Law Office of Jason H. Rosenblum, PLLC

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Tattoos, Copyright, and You **Attorney Advertising**

You’re probably familiar with the concept of copyright protection. After all, it’s the reason you can’t just right click on an image in a Google search and upload it to your own site.

But did you know that tattoos can also be protected by copyright law? That’s right—if you’ve got a tattoo that was created by an artist, chances are it’s copyrighted. In the past few years there have been some celebrity tattoos at the center of a few cases.

What does that mean for you? If you’re thinking about getting a tattoo, it’s important to understand how copyright law may impact your legal rights.

For example, let’s say you get a unique piece of art created exclusively by Artist A on your shoulder. A few years down the road, you decide that you want to add to the tattoo by having Artist B change the concept a bit and modify Artist A’s original design. Is that legal?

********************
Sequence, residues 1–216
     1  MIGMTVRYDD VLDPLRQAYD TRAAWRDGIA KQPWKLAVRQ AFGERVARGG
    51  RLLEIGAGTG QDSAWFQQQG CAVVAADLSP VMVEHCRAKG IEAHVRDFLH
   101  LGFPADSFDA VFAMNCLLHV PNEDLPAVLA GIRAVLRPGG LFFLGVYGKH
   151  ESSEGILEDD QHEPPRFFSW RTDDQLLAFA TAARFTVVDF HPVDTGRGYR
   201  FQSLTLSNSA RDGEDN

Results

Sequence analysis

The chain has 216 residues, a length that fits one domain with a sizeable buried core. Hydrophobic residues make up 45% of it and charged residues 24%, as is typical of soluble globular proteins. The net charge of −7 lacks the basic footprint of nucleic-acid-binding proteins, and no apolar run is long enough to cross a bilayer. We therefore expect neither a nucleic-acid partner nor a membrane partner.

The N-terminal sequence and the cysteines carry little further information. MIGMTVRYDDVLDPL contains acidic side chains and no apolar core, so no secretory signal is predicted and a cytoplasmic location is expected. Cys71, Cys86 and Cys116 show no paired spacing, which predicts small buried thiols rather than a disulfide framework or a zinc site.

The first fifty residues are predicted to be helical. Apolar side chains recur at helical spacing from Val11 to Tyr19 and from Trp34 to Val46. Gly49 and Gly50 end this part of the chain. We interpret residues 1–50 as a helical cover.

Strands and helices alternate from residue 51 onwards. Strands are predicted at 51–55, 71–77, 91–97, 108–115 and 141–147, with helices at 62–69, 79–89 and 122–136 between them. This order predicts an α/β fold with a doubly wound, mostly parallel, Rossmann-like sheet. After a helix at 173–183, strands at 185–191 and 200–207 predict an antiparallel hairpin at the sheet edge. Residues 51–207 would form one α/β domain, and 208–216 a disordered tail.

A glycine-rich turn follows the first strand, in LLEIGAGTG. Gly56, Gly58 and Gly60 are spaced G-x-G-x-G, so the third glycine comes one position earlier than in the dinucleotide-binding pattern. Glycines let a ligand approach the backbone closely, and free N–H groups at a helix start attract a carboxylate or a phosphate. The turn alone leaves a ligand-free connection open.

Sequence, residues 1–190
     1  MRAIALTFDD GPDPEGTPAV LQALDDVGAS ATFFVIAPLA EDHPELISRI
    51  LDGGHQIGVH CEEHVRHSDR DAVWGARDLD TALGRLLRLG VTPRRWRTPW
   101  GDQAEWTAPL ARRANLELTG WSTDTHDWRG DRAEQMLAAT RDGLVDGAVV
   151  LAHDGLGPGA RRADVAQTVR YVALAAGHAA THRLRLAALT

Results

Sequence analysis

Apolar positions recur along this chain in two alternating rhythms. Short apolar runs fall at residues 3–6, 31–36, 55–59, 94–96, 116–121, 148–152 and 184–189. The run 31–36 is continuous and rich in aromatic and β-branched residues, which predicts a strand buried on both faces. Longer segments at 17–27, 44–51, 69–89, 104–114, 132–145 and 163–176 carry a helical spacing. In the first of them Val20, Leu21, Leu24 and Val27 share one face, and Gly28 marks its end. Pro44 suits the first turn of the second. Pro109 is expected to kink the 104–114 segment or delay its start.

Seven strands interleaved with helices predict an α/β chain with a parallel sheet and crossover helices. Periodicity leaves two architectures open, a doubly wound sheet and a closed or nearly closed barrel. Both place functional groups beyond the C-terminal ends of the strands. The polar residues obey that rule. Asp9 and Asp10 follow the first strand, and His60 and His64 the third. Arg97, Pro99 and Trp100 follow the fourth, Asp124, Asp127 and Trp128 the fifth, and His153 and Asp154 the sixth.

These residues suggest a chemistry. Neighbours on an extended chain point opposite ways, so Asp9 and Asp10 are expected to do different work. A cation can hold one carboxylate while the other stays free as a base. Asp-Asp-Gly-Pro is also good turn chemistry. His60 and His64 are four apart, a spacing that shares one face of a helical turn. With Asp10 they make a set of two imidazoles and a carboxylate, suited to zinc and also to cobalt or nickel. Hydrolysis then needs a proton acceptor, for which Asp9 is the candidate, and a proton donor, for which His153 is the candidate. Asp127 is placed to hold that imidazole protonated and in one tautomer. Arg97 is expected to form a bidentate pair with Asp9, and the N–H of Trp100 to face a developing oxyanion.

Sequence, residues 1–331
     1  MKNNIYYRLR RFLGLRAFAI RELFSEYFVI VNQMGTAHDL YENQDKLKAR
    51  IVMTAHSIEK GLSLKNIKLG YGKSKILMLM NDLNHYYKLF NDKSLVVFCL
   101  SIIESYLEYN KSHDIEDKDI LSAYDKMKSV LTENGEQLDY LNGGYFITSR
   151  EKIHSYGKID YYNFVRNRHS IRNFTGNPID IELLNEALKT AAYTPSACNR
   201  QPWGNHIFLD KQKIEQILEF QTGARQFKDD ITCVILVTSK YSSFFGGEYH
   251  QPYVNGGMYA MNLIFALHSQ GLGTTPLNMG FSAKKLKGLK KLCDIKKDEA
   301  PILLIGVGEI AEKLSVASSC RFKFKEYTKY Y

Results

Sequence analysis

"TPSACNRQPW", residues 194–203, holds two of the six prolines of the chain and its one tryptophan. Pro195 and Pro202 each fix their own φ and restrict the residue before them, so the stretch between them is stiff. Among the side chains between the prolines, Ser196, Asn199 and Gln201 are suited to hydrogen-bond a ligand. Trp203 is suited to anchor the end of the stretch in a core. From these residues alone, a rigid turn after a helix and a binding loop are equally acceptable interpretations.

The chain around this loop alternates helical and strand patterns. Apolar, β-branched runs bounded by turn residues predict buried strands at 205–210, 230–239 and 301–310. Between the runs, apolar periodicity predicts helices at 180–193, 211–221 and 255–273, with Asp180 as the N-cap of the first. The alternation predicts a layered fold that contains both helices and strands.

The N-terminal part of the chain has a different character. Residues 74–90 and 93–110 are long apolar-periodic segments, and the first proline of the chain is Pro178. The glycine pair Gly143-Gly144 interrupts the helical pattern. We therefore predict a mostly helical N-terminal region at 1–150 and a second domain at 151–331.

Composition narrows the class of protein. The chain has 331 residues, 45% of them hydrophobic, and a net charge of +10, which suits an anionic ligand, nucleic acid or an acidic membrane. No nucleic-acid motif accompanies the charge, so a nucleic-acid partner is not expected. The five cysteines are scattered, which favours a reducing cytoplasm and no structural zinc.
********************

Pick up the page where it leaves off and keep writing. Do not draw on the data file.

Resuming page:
The answer is maybe. It depends on whether or not Artist A still owns the copyright to the tattoo. If they do, then they have the exclusive right to control how their works are used—which would include adding new elements to the original art. However, if Artist A has sold or assigned their copyright to someone else (for example, the tattoo shop where you got inked, or even over to you), then Artist B may be able to modify the design without infringement.

Best course of action would be to get all rights in the artwork assigned over to you from the tattoo artist. If you are not sure if the copyright was transferred to you, it might be best to get permission before making any changes, just to be on the safe side. Many tattoo artists, especially those who specialize in inking unique works of art are familiar with their rights and have taken the time to federally register their designs. If you do not investigate these ownership issues, it could result in legal disputes.

So, there you have it—tattoos can indeed be protected by copyright law. If you’re thinking about getting inked, make sure you understand your legal rights (and obligations) before moving forward. And if you’re planning on adding to an existing tattoo, it’s always best to get permission from the original artist first. Even better obtain an assignment of the copyright from the artist at the time they ink you, when you are paying them.

DISCLAIMER: The information contained in this article is for informational purposes only and is not legal advice or a substitute for obtaining legal advice from an attorney.